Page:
I am an engineer working for Microsoft in the Pacific Northwest. When I’m not writing or coding, I play retro video games and serenade my wife and son with my ukuleles.
Later I moved onto the Xbox 360 platform team proper and worked on 2011’s expanded Facebook integration. In 2012 I worked on several marketplace features, including Pins and Recommendations. With the end of Windows Live Messenger in 2013 I helped remove that integration from the console.
After that I moved onto the Xbox One shell team, where I was the end-to-end test owner for Subscriptions and Gold Upsell. After Xbox One shipped, I shifted from software testing into a data engineering role, helping build data pipelines to gather and analyze product telemetry and online customer feedback.
At the end of 2016 I left Xbox and to take a developer position working on Windows. I am currently a Senior Software Engineer on the Developer Ecosystem Platform team, which owns the UWP and XAML technologies.
In 2017 I built infrastructure for performance testing the Xbox UI for the Xbox One X release. In 2018 I built the XamlDirect API, which enabled middle-ware developers to build XAML UI in code with the same performance characteristics as XAML markup.
In 2019 I began working on React Native Windows.
Prior to joining Microsoft full time, I worked there as a contractor. In July 2008 I took a developer position on their internal Network Security team, writing corporate forensic and monitoring software. After that I worked as a software tester for the Zune PC Client team, writing test automation for the Zune Marketplace.
In May 2006 I earned my Bachelor of Science in Industrial Engineering and Operations Research at the University of California at Berkeley. As a part of my studies I designed software for various organizations, including databases and simulations. In addition, I helped develop optimization algorithms for retail labor-hour allocation and international disaster response.
I love to play the video games of my childhood, through the heights of the 8, 16, and 32bit console eras. I have multiple original consoles, but I’m not a complete purist – I also have a variety of modded, knock-off, and third-party systems. I also like to build custom hardware of my own.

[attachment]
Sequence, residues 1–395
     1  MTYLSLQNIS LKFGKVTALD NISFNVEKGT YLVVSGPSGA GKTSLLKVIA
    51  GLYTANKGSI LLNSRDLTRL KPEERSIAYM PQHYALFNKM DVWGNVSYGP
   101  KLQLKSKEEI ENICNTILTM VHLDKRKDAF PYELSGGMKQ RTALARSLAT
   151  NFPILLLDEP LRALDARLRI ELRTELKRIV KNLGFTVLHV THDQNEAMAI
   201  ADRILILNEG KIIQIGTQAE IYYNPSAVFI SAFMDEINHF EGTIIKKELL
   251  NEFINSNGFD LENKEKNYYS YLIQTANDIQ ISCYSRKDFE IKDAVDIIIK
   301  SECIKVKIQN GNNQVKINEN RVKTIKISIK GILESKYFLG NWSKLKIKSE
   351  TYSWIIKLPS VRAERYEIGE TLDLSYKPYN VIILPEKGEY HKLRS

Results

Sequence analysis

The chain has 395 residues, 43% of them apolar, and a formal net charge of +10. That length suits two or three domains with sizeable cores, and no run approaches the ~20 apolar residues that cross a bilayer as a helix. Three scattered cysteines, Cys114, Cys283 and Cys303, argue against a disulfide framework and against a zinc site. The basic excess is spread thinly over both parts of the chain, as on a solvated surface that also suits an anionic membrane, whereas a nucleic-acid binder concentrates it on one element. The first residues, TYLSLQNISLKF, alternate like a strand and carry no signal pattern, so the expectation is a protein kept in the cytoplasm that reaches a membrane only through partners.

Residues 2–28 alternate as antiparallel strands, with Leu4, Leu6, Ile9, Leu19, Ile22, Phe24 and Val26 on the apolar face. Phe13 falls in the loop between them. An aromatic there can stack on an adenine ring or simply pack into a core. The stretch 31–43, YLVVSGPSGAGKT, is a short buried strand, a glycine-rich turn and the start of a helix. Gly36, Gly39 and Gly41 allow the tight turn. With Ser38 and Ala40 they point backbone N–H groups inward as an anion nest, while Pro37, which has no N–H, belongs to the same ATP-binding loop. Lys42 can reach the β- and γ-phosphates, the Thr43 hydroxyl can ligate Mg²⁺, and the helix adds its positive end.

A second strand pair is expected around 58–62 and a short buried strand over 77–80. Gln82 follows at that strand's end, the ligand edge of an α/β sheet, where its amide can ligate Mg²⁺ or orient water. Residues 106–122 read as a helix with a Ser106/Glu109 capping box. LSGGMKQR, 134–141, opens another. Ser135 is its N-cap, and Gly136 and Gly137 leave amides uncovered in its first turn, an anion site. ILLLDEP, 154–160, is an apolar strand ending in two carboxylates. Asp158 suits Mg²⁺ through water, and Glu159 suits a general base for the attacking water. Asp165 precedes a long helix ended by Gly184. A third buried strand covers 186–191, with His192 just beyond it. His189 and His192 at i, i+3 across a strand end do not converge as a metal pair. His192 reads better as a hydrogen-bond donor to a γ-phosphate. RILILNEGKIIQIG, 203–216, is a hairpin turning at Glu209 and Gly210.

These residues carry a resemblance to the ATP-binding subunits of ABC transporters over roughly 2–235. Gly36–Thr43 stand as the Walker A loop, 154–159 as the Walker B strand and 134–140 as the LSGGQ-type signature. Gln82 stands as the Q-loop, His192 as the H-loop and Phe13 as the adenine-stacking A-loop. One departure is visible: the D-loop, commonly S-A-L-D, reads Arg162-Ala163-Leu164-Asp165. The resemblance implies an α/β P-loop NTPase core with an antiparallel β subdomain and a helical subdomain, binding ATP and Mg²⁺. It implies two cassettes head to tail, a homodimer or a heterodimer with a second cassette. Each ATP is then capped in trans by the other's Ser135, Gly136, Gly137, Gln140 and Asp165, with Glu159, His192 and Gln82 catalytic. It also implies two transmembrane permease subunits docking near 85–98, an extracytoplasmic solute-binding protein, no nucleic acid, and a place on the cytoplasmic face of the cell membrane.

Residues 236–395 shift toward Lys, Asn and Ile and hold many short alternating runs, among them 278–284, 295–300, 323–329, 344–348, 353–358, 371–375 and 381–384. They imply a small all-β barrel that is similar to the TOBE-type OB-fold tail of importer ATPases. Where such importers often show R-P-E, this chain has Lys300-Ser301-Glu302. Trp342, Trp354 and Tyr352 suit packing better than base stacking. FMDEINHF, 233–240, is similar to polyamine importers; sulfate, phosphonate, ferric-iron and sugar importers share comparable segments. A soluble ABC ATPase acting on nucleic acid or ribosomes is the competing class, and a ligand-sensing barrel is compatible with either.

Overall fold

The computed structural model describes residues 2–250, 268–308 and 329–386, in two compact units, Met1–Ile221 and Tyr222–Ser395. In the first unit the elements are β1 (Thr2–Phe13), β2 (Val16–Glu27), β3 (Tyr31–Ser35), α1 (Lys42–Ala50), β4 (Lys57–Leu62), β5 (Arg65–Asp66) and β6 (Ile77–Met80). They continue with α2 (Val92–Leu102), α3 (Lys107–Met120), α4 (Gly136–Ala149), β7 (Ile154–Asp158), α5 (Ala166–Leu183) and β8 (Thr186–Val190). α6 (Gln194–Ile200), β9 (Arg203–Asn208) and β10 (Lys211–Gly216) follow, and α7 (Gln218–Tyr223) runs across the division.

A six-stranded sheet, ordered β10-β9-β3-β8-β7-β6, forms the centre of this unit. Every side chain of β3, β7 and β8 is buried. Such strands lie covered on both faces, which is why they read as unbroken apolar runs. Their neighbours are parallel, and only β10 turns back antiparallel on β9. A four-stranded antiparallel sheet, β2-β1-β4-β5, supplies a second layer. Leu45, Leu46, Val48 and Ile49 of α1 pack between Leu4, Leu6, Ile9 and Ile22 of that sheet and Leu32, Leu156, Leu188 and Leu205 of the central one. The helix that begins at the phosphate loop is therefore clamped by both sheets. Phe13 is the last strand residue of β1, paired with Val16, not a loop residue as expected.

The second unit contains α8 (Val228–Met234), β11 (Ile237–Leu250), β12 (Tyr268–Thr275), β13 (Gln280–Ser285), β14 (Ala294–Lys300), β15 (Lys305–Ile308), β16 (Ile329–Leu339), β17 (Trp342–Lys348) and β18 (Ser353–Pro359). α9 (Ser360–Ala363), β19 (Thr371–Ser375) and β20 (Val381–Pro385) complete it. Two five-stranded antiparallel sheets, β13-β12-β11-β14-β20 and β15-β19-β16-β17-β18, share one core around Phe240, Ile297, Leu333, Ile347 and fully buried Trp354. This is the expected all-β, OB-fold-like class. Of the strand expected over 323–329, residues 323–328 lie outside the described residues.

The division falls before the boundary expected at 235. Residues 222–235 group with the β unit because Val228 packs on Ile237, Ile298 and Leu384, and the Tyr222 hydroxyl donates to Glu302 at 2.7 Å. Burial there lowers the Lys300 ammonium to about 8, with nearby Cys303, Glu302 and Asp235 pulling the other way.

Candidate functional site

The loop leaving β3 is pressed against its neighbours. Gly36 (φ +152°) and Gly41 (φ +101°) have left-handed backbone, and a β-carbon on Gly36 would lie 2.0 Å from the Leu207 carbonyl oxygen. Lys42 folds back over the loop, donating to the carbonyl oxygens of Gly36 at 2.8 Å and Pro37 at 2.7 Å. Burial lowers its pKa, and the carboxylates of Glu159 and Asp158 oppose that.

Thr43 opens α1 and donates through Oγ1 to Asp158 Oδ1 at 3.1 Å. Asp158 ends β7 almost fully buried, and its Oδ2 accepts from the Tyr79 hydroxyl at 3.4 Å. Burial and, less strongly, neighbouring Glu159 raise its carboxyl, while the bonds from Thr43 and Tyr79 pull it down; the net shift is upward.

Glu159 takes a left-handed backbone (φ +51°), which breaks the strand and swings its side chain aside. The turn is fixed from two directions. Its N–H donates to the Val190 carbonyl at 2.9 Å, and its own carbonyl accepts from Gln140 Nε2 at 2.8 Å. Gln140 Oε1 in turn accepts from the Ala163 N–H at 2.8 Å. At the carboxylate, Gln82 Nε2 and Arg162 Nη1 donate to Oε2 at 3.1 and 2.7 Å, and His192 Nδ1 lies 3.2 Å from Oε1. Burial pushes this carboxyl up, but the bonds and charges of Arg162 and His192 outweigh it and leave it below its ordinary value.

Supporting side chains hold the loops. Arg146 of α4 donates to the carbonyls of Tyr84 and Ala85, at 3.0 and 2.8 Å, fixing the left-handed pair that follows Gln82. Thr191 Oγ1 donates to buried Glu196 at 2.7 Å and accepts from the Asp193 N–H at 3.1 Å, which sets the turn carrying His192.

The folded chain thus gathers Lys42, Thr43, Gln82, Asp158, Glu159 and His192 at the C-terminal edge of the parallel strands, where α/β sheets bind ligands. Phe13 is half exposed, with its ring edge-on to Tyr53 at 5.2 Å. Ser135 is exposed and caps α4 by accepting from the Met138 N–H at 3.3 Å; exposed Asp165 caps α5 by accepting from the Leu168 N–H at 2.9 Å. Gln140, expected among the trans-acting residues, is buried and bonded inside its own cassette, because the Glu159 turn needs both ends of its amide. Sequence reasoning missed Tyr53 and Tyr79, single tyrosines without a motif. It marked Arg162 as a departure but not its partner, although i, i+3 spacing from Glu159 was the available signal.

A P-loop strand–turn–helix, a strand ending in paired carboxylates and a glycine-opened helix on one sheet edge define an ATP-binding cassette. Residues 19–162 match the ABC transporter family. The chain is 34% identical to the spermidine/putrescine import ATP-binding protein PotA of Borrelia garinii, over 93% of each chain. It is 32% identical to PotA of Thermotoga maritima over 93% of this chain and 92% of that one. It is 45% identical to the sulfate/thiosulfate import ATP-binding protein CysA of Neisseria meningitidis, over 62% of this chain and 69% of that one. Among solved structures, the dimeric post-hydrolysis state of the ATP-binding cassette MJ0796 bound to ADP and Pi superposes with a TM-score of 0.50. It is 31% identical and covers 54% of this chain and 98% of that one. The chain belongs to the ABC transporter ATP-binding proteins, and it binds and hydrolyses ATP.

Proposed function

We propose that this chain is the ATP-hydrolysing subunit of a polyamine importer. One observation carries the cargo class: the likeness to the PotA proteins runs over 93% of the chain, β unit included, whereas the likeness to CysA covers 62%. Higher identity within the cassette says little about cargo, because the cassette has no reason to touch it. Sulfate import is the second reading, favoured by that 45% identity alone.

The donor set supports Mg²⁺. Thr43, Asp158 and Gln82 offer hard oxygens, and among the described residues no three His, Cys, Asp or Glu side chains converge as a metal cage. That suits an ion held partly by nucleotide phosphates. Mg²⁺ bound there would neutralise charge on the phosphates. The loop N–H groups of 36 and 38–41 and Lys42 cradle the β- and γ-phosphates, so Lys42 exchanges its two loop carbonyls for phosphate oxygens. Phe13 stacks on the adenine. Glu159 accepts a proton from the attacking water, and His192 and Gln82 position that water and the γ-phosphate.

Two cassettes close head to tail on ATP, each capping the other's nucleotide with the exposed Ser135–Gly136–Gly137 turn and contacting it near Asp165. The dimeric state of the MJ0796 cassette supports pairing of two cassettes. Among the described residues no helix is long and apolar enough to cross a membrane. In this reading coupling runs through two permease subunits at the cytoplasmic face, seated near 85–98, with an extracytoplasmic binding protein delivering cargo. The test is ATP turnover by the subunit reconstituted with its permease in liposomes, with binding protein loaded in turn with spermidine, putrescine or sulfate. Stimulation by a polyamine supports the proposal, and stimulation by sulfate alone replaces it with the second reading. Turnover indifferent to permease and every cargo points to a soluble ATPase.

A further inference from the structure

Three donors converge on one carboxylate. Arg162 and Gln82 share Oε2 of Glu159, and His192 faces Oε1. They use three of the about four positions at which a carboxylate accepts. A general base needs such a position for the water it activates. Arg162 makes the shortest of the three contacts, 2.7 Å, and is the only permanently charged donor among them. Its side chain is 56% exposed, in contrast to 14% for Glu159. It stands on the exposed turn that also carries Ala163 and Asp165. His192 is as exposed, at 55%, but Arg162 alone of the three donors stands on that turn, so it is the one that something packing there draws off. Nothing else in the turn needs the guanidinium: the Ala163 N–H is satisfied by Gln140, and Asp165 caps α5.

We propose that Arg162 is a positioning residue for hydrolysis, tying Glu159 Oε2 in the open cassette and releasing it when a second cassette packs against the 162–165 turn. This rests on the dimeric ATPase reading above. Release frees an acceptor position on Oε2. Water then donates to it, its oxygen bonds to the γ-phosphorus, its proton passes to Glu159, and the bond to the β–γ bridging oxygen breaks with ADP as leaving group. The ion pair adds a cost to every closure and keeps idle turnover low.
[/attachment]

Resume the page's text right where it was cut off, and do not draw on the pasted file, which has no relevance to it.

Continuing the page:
I first picked up an ukulele back in 2002, but without any guidance my interest waned. Ten years later a trip to Oahu rekindled my love for the instrument, and I’ve been playing regularly ever since. At times I’ve had upwards of eighteen instruments in instruments in my ukulele stable. I mostly play Hawaiian music, especially in the slack key style.
I’ve been a nerd as long as I can remember. My six-word memoir:
And he nerded as never before.
I have been writing fiction since college; most of my writing is available here on this site. I prefer to write short stories, though thanks to NaNoWriMo I have several unfinished (and unpublished) novels under my belt. I was first published in SMITH Magazine‘s Not Quite What I Was Planning: Six-Word Memoirs by Writers Famous and Obscure. In 2012 I published my short story Pawsgaard, prequel to my unfinished novel, “Hester and the Kookaburra King”.
Returned Peace Corps Volunteer
Right after college I served as a Peace Corps Volunteer in Zanzibar, Tanzania. I taught computer studies at Mikunguni Technical Secondary School to its students, staff, and faculty. I also provided technical support for several Zanzibar schools, teacher resource centers, as well as the Ministry of Education. With my fellow ICT volunteers I developed improved education materials and methodologies for teaching technology in developing nations.
Free Culture Movement
I am a strong supporter of the Free Culture Movement. I understand that all creative works are built on the shoulders of the creative works of others, that no person can claim to have created anything without having been inspired, influenced, or taught by the works of those before them. I recognize that my writing is heavily influenced by what I read, and so I try to give back by releasing everything I write under Creative Commons Licenses. Likewise I know that my coding benefits from my access to others’ code, and so I release all of my software under Open Source Licenses.